The death tarot is a card of beginnings and endings, birth and rebirth. These ideas play an important part in the Promethean Series.
At the beginning of Blue Prometheus, Lucy gives an intuitive tarot reading for Thomas. The final card she turns over, representing the likely outcome, is the death card.
As Lucy turns over the card, a brick crashes through the window of the bookshop, and the London riots begin. A second beginning occurs when a spaceship lands on Clapton Pond, and Thomas and Lucy have the chance to travel to a distant planet.
Blue Prometheus is an adventure, and deaths occur as he fights the forces of evil. But on a deeper level, the rationalistic Thomas is challenged by ideas of intuition, magic, and especially rebirth and reincarnation, which he encounters on Prometheus. This theme continues, in a slightly different way, in books two and three of the Promethean series.
I've always had an interest in the Tarot, but when I wrote Blue Prometheus, I researched the meanings in more detail. Below, you can read the traditional meaning of the card.
The image above is one of the classic card designs, from the Rider-Waite pack. Death rides a white horse and holds a black flag with a white rose. Dismembered bodies lie all around.
Before the white horse are three figures facing death: a child with an arm missing, a young person and a bishop. None can stand before death as he rides on, no matter their age or rank.
The death card depicts death, but not only physical death. As I mentioned above, it’s about beginnings and endings. In a reading the meaning is much more likely to signify the ending of one phase of life and the beginning of another, and it can be quite a positive card.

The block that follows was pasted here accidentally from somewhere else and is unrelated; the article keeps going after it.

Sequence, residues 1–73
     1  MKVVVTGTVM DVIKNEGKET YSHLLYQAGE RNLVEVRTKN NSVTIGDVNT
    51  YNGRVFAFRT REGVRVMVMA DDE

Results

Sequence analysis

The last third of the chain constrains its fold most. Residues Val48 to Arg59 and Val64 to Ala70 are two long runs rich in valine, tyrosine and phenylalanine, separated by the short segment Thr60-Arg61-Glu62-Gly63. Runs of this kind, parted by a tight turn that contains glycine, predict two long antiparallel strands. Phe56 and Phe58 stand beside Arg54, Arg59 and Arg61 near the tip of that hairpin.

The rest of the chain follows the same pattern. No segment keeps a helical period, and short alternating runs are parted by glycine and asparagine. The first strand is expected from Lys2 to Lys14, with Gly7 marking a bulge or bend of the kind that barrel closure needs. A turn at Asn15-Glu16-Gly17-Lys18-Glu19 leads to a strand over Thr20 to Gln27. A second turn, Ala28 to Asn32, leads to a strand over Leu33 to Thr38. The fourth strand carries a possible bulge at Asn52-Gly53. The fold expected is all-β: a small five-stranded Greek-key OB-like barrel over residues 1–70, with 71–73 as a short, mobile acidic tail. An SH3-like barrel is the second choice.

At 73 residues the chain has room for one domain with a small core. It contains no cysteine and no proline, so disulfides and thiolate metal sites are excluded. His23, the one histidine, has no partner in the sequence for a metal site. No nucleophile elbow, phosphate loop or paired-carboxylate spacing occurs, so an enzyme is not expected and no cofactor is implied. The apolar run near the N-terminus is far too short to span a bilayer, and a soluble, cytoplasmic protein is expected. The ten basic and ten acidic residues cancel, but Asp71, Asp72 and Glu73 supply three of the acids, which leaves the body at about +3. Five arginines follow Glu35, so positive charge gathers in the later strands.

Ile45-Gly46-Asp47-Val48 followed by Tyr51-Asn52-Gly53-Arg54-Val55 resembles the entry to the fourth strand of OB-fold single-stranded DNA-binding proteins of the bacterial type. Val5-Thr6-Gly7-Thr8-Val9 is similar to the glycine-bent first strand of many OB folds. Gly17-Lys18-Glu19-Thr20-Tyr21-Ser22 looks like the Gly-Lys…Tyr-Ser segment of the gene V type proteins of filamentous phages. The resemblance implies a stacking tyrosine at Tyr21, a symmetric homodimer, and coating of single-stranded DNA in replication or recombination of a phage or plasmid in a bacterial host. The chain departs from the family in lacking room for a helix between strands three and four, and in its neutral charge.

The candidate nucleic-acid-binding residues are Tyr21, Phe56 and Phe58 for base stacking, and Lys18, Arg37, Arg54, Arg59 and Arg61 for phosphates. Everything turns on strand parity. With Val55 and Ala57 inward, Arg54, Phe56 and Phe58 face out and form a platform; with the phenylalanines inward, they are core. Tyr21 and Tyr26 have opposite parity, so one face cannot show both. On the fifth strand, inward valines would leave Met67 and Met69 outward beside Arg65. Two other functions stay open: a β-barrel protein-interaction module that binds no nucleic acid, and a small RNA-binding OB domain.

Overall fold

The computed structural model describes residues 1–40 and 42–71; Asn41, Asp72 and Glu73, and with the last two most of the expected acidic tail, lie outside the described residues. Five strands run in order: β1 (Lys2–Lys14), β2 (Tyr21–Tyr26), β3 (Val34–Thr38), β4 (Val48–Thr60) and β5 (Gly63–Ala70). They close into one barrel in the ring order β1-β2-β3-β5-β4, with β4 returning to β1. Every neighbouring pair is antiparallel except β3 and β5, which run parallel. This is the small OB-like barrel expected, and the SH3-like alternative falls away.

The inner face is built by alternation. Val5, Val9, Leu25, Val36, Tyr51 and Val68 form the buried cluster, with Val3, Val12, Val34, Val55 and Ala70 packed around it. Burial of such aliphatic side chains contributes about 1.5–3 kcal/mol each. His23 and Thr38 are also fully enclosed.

The white rose is often used at funerals, and it represents purity and humility. The card is number 13 in the deck. The associations with the number 13 are numerous. At the last supper there were thirteen people: Jesus and the 12 apostles. Some say Friday the 13th was when Christ lay dead on the cross. Also, 13 can be reduced to 4: 1+3=4. And 4 represents totality or completion. The completion of a stage of life, or of life.
Notice that in the background there is light; the sun is rising giving new life and new hope. Although there is pain, there is also the possibility of a fresh start.
In the case of physical death, this of course symbolizes life after death: resurrection or reincarnation, depending on your belief. Eternal life is shown.
Knowledge of this reduces the fear of this card in a reading, and death in real life. Of course, it’s still painful, especially for those who remain, and when one you love dies there are no words to ease the pain. But I always think that this card, despite the pain of transition, is one of hope of a new life.
I was once given a tarot reading by a Brazilian friend who took the death card out before shuffling the pack. I always thought this was unnecessary. The card seldom indicates physical death.
Finally, an important point. No one knows the future. As the Mariner, the last of an ancient species, says in Blue Prometheus: “The future is indicated not predetermined.”
Read books by Ned Marcus to find out more. When Blue Prometheus is released in November, you can discover more.
You can also read more articles by Ned Marcus here.